Bella“We wanted a kitten so badly so we went to an animal rescue shelter and there were dozens of kittens to pick from but there was only one kitten there that we couldn’t take our eyes off of and we already fell in love with her. So two days before Mother’s Day 2012 we brought our little Bella Rose home. She has brought us so much joy and love. We would do anything for her. She was only 3 to 4 weeks old so we bottle fed her for a couple of weeks. She is now 4 months old and we took her in to have her spayed and front declawed. She had a bad reaction to the anesthetic and her heart stopped but Dr. Rachal was not going to let our baby die, she worked hard on her and brought her back. It did cause Bella to become blind and she had some motor skill problems at first. We could have just put her down but she is like our own child and we couldn’t and wouldn’t give up on her. She was meant to be here for a reason and is improving every day. She is walking better and is eating her own food (for a while there we had to bottle feed her). We do have to help guide her on finding her food in her bowl but she is getting better with it. She still thinks that her bowl is food as well so she bites the sides and picks it up. She is finding her way around better and better every day and we love her even more than we ever did. We would like to thank Dr. Rachal and her staff for everything ya’ll have done for our miracle kitty Bella Rose and us.”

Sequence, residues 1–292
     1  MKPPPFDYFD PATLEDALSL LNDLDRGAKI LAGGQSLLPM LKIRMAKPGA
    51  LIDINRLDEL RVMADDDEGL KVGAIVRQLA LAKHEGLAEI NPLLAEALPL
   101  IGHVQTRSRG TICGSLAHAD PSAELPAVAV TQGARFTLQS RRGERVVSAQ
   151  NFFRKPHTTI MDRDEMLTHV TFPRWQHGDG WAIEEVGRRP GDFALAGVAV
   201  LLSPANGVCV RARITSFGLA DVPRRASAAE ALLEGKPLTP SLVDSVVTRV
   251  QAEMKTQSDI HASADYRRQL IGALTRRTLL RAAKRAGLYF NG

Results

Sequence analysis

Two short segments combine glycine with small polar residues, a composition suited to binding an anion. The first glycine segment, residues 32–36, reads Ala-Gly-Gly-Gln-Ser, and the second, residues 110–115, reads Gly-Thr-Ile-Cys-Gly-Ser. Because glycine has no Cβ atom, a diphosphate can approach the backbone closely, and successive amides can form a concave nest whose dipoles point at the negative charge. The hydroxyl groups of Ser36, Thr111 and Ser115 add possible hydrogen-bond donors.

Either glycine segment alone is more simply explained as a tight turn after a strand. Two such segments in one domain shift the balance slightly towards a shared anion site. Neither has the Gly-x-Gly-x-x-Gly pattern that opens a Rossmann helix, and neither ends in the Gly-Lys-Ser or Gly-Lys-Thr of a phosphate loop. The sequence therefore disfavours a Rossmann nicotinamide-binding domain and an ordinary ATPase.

We at the clinic would like to thank Bella Rose’s mom and dad for letting us be a part of her wonderful journey to recovery as well and being such amazing “parents” to Bella.

UPDATE: Bella is now almost 100% visual and back to normal. She still has some mild peripheral vision loss but is doing wonderfully at home!

Meet Tiger Lilly

Tiger-LillyTiger Lilly was found by one of our clients and came in very sick. She was covered in fleas, had severe anemia (low red blood cells) to the point of needing a blood transfusion and couldn’t walk well on her back legs. We, along with her wonderful new owner, nursed her back to health and she is doing wonderful in her new home and is one of the sweetest cats you will ever meet!